Yamaha Majesty - Motorcycle.com

It's a new 250 from Japan with great weather protection, marvelous brakes and tires, and a steering system so high tech as to leave most motorcycles back in the Sixties. Sound like the most radical new design in months? It is.

But it's a scooter.

This scooter represents the second generation of high-tech scooter production. First generation scooters included the Honda CN250 Space, and the Piaggio Hexagon. A common, critical problem with these two scooters was the front suspension system.

They've redesigned the entire bodywork, and you can see the results in the picture.

Neither has a classic hydraulic fork, but a double (CN250) and a single (Hexagon) swingarm system. These systems were able to provide quite good comfort during riding. But the trade off was an unsteady feeling, especially when the pavement was not perfect (and when is it ever?). So Yamaha decided to give their new scooter a motorcycle feel by installing a traditio

nal front telescopic fork, along with a large disc brake and four-piston caliper that gives you secure braking. To complete this opera, a couple of large tires were fitted: 110/90 front and 130/70 rear. Wheel diameter increased also, to a whopping 12.0 inches.

Another problem with scooters that Yamaha's engineers attempted to solve was wind blast on the rider. They've redesigned the entire bodywork, and you can see the results in the picture. It looks attractive enough, and reminds one of the front side of touring bikes like the BMW R1100 RT, and offers good protection to wind and rain. The similarity to a BMW is not limited to apperance. Considering the stated maximum speed (more than 126 Km/h), you'll be able to do some short touring, also. A trip of around 400 Km in one day would not be out of the question. There are several other cool features included with this scooter too, such as the seat, which opens toward the front and is held open by a hydraulic cylinder.

Below are the engine specifications. Yamaha, in this case, hasn't presented anything innovative. They've preferred to stay with a traditional 4-stroke liquid-cooled single that should provide reduced service intervals. Of course, the robustness of the transmission system needs testing - a critical area in this kind of machine, especially when power is considerable.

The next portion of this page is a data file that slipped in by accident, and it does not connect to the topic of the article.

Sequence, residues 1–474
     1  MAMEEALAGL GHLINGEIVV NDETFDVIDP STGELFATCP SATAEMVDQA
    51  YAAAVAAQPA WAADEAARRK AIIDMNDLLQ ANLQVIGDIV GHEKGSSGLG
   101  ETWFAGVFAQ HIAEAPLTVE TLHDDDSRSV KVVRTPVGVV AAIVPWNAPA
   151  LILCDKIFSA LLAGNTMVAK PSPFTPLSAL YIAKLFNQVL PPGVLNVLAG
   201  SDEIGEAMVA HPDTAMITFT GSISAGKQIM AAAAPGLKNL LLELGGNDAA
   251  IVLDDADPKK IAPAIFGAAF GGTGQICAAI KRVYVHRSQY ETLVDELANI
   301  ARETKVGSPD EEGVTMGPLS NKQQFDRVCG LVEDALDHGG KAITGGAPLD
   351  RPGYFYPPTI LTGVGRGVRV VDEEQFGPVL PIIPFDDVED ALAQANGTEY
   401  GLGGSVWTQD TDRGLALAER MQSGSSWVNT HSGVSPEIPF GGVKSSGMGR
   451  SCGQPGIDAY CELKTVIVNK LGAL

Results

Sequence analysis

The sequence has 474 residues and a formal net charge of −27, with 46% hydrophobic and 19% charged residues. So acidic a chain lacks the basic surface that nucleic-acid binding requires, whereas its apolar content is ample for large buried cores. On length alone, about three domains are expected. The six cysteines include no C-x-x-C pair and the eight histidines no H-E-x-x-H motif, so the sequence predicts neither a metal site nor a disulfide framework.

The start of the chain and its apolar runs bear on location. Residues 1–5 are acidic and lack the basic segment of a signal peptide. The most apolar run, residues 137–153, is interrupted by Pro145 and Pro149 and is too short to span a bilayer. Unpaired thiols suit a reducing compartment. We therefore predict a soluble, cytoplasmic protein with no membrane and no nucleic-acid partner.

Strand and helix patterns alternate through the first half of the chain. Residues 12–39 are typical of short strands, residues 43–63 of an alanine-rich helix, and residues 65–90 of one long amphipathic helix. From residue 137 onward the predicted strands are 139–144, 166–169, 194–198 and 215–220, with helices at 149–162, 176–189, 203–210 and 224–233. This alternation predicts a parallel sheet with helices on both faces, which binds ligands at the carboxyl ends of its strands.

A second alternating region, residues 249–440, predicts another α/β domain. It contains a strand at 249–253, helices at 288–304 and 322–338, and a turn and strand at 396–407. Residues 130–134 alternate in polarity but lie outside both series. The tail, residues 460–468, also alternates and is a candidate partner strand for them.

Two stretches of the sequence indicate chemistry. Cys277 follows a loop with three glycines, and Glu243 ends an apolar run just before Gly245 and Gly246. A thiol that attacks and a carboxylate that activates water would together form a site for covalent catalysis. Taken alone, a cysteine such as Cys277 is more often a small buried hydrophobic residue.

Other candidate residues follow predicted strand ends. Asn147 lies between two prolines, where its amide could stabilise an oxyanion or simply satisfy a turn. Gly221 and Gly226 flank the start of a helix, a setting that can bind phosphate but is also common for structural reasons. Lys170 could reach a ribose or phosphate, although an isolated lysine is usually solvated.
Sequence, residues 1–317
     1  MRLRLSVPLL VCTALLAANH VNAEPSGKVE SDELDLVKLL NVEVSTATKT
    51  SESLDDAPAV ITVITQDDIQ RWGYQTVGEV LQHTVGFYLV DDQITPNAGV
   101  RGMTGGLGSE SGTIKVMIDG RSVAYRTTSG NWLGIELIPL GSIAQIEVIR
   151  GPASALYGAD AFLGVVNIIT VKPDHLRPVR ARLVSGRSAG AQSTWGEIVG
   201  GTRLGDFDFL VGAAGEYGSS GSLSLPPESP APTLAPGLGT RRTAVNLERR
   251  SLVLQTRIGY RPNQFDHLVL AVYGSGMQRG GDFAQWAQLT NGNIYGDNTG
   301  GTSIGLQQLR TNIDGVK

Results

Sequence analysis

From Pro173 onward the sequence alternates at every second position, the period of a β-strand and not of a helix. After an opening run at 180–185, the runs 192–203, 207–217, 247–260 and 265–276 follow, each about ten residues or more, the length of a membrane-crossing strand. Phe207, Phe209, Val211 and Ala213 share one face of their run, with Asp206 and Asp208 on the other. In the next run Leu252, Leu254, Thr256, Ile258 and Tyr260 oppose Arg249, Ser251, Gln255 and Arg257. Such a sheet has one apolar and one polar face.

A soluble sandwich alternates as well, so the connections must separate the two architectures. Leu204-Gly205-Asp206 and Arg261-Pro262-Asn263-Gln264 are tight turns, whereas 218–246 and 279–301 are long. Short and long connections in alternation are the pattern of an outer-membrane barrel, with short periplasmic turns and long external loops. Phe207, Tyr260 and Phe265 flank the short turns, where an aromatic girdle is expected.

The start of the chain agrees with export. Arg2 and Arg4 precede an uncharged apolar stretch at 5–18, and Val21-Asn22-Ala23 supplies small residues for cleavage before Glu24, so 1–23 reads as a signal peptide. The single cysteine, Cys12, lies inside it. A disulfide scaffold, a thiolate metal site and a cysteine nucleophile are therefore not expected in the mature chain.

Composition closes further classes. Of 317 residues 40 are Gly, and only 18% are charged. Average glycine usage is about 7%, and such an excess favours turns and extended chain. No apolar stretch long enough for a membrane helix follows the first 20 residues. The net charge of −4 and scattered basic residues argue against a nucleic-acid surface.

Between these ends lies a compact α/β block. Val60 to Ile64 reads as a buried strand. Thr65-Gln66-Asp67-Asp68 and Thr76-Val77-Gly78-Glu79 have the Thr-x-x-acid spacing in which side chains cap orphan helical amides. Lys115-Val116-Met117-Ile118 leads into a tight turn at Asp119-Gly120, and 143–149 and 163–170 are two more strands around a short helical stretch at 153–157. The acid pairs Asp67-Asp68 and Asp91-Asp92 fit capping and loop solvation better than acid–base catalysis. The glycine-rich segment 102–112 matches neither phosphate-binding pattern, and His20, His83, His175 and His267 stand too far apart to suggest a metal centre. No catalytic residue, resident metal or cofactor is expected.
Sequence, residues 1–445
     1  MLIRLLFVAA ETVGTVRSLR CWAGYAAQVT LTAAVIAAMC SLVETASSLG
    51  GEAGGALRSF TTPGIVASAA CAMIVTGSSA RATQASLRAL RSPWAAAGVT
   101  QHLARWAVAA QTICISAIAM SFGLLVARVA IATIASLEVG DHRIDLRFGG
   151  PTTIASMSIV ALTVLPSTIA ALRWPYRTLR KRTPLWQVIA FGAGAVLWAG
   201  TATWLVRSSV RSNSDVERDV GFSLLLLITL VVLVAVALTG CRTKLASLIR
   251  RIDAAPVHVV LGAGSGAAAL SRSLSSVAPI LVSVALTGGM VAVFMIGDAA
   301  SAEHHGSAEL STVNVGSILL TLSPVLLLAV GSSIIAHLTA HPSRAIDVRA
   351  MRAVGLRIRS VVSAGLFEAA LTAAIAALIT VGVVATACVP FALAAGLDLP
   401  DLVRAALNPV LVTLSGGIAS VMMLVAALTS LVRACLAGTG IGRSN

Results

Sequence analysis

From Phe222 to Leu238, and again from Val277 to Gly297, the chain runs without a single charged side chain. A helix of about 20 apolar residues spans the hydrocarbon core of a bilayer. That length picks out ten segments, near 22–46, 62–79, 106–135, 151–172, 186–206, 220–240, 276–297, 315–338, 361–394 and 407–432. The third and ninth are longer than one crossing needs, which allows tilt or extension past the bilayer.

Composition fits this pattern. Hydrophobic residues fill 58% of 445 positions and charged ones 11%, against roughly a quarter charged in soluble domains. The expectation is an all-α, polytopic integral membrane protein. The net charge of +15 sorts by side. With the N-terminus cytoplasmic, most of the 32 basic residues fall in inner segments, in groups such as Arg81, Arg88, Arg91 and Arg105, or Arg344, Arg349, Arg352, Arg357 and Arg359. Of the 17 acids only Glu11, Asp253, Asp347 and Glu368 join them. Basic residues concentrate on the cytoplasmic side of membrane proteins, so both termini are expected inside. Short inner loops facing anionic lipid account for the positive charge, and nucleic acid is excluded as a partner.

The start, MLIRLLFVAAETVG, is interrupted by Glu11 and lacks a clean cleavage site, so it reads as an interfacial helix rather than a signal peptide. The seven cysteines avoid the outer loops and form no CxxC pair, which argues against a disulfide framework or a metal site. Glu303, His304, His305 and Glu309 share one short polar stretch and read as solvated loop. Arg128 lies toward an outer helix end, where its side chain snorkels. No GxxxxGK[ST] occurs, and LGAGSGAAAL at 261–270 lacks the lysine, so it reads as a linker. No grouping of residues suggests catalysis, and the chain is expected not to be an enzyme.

Yamaha is moving scooters forward to a new generation. As in the computer world, where as soon as a new machine is presented to public it's immediately replaced by the next model, we want to try and define the requirements for the third generation scooter:

Third Generation Scooters

Increasing wheel diameter to more than 15 inches (better 16 inch) Increasing the frame's torsional strength Increasing the diameter of the front fork Increasing the power and displacement of the engine (and of course the torque too) Increased power may cause some problems to the transmission system, so it might be necessary to devise a new system like the electronic/hydraulic sequential gear change system used in F1 racing and in some Porsche production models. Adding a rear disc brake Refining the wind/rain protection and the CX. With all of the above items incorporated into the next generation scooter, you would have a machine with good ride feeling, a satisfying cruise speed (around 140 Km/h), and good speed performance (max speed greater than 160 Km/h, quick acceleration, etc.). We hope another manufacturer would soon enter the challenge, which would stimulate competition, and help shorten the arrival time of the ultimate Third Generation Scooter.

Yamaha Majesty YP 250, Technical Data

Engine 4-stroke single, SOHC, liquid- cooled
CC 249
Bore/Stroke 75.5 x 56mm
Power (DIN) 20 CV at 6500 rpm
Torque (DIN) 2.35 kg-m at 5500 rpm
Starter Electrical
Fuel Tank 1.1 Litres
Transmission Automatic
Dimensions 2110/750/1330mm (Length/Width/Height)
Wheelbase 1500mm
Ground Clearance 147mm
Weight 147 kg (dry)
Suspension Front: telescopic fork, Rear: swing arm with double shock absorber
Brakes Front: disc - Rear: drum
Tires Front: 110/90-12 64j, Rear: 130/70-12 62l
Giulio Meccoci, Italian Desk.
Giulio Meccoci, Italian Desk.

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